Engineers are involved the day-to-day running and continual maintenance of an operation. This includes the maintenance of a safe working environment guarding against eventualities such as collapse or flooding. Some engineers may specialise in the maintenance of disused operations.

Engineers usually hold incorporated or chartered status.

Incorporated engineers specialise in developing and applying modern technology. They have a detailed knowledge and understanding of current engineering applications, and have the practical skills and knowledge to put plans into practice. They often hold key operational management roles.

Chartered engineers have greater theoretical engineering knowledge and can be involved in research and development or manufacture and installation. They are often project leaders and are responsible for teams of incorporated engineers and technicians.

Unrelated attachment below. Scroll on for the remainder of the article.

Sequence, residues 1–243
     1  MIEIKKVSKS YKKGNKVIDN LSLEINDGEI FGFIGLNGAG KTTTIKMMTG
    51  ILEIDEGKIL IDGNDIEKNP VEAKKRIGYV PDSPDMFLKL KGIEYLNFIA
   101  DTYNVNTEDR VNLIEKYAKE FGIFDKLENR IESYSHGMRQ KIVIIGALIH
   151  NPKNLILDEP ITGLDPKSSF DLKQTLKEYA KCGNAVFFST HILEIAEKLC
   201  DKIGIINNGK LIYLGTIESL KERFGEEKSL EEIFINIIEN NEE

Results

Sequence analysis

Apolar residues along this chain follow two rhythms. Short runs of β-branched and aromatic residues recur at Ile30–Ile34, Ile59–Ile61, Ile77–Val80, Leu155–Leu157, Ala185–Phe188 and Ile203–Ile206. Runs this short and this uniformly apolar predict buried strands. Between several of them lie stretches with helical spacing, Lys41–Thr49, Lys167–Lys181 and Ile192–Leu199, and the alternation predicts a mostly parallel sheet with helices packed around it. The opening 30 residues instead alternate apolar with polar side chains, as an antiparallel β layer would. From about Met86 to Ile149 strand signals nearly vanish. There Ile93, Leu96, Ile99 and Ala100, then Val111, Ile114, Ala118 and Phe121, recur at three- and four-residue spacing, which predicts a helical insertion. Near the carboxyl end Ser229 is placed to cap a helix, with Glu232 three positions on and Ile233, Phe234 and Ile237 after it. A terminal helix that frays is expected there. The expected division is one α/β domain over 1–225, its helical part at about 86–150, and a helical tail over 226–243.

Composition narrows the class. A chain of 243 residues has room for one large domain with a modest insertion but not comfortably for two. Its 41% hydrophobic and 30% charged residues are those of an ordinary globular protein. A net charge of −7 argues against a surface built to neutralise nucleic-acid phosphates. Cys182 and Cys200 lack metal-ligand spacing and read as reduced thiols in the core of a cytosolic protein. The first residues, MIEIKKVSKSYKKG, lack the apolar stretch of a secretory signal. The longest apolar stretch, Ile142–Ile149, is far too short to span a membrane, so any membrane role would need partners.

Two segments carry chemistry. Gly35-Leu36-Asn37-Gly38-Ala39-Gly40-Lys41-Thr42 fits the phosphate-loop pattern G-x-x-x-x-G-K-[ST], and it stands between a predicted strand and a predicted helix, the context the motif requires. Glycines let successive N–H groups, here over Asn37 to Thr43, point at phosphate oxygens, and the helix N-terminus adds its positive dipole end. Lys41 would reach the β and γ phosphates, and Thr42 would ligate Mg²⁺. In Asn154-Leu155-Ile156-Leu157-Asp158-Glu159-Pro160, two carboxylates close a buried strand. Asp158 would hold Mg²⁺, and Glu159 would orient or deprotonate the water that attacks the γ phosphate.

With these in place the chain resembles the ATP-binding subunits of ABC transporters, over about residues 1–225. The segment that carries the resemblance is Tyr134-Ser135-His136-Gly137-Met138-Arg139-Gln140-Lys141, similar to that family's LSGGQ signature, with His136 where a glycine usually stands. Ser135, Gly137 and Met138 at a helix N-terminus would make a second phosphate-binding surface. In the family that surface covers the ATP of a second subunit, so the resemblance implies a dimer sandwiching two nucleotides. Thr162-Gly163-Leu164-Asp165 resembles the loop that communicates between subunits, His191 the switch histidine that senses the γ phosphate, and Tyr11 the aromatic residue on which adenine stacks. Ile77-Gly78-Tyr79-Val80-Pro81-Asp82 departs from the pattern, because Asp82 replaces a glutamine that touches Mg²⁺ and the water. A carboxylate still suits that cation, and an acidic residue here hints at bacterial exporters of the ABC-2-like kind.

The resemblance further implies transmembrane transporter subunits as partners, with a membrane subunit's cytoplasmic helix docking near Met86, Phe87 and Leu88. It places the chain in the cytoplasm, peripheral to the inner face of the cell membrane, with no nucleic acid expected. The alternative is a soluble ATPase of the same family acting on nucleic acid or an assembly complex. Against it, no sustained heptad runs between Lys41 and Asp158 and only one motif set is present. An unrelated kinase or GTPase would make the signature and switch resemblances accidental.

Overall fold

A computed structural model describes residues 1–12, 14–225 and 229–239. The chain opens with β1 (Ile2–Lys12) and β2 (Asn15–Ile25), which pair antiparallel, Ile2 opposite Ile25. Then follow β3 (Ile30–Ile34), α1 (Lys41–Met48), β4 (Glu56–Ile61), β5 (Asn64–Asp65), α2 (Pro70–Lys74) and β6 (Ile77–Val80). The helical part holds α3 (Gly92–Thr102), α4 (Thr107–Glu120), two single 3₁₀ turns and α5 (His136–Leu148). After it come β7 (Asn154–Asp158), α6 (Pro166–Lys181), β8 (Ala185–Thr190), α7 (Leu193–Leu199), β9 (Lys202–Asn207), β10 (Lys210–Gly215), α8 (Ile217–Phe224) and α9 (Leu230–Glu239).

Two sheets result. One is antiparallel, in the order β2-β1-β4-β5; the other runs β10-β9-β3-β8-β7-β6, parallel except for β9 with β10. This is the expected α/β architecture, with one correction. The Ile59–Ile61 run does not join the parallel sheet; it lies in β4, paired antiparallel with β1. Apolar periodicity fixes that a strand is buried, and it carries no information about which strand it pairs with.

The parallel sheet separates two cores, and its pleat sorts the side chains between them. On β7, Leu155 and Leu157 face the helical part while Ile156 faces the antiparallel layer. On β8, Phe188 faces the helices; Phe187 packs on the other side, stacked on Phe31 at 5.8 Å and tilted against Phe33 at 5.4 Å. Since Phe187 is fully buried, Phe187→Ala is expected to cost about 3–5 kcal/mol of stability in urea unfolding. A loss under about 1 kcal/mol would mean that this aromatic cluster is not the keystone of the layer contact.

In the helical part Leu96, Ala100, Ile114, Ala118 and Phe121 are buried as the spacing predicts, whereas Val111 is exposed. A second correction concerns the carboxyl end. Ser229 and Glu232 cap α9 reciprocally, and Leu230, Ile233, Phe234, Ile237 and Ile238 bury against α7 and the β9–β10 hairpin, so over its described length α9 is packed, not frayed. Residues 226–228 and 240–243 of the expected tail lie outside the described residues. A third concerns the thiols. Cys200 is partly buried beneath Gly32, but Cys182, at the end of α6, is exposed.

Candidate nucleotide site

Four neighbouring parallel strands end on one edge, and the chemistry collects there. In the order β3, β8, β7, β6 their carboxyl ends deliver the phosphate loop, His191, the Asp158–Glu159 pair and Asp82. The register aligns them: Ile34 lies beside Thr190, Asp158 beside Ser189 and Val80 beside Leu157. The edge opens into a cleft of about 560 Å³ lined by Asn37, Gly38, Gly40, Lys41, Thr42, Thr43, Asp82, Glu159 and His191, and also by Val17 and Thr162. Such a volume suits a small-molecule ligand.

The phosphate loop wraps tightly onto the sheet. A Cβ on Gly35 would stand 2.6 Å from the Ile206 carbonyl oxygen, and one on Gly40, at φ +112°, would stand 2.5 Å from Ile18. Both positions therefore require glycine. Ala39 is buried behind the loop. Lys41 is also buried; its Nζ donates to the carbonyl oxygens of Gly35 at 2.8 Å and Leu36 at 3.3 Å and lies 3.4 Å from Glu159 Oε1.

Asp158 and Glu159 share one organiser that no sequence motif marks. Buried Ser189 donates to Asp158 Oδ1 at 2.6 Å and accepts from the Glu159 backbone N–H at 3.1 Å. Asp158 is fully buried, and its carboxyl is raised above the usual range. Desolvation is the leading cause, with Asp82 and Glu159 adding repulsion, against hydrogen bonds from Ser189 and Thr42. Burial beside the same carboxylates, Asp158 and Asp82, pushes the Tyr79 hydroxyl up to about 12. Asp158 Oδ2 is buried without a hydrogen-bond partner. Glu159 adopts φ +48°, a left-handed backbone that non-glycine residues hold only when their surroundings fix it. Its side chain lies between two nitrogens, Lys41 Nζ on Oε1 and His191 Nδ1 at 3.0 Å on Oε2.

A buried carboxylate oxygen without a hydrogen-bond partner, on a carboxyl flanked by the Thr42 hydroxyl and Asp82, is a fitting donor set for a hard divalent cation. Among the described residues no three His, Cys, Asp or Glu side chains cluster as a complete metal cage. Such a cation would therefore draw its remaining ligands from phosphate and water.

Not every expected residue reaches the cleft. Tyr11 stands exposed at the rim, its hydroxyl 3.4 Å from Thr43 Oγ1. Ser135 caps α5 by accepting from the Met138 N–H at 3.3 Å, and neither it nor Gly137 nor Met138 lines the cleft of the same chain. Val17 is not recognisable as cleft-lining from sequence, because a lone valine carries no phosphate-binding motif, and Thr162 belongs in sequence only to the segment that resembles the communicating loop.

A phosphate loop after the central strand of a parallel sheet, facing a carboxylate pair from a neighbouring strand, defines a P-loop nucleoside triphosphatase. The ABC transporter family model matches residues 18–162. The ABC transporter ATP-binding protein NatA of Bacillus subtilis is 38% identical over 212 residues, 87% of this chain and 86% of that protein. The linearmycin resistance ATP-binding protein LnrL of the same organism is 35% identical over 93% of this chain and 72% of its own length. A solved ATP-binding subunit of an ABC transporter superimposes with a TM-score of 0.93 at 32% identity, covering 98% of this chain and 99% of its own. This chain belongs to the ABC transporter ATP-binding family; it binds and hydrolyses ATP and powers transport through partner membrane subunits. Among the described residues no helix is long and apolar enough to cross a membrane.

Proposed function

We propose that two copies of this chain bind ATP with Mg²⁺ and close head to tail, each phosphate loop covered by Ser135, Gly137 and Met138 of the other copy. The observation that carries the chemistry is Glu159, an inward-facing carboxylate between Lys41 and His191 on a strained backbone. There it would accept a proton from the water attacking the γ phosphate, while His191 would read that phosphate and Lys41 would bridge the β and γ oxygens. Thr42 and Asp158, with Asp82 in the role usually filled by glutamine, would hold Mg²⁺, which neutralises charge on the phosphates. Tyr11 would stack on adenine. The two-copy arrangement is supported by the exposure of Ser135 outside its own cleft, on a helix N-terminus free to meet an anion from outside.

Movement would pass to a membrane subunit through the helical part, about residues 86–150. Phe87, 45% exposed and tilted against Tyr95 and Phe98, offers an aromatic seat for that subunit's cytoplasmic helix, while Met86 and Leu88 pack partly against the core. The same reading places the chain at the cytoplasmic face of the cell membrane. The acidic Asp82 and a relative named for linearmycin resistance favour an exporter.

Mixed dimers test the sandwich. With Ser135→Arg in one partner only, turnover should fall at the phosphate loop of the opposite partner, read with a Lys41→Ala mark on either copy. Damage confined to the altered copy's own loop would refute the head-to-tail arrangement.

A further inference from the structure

Hours and Environment

Mining, minerals and quarry engineers work a basic 35 to 40 hour week, Monday to Friday. In practice they may work extra hours to meet deadlines.

Depending on their work they could be based in an office, laboratory or on site. Travel overseas may be involved. Protective clothing is worn on site.

Skills and Interests

To be a mining and minerals engineer, you should:

  • have an interest in science
  • have numerical ability
  • have good communication skills
  • be computer literate
  • have knowledge of geology
  • be a creative problem solver
  • be able to work in a team.


Entry is with a BTEC higher national certificate/diploma (HNC/HND) or degree. Suitable degree courses include minerals engineering, minerals surveying, mine and quarry engineering, and mining engineering.